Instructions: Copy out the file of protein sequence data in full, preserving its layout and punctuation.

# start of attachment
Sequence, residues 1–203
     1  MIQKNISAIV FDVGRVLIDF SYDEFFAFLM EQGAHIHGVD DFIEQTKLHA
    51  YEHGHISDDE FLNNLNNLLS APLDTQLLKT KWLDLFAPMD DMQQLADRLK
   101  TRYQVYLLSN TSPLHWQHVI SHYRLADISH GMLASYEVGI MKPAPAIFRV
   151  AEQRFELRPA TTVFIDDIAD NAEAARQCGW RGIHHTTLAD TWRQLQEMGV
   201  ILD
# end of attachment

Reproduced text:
Sequence, residues 1–203
     1  MIQKNISAIV FDVGRVLIDF SYDEFFAFLM EQGAHIHGVD DFIEQTKLHA
    51  YEHGHISDDE FLNNLNNLLS APLDTQLLKT KWLDLFAPMD DMQQLADRLK
   101  TRYQVYLLSN TSPLHWQHVI SHYRLADISH GMLASYEVGI MKPAPAIFRV
   151  AEQRFELRPA TTVFIDDIAD NAEAARQCGW RGIHHTTLAD TWRQLQEMGV
   201  ILD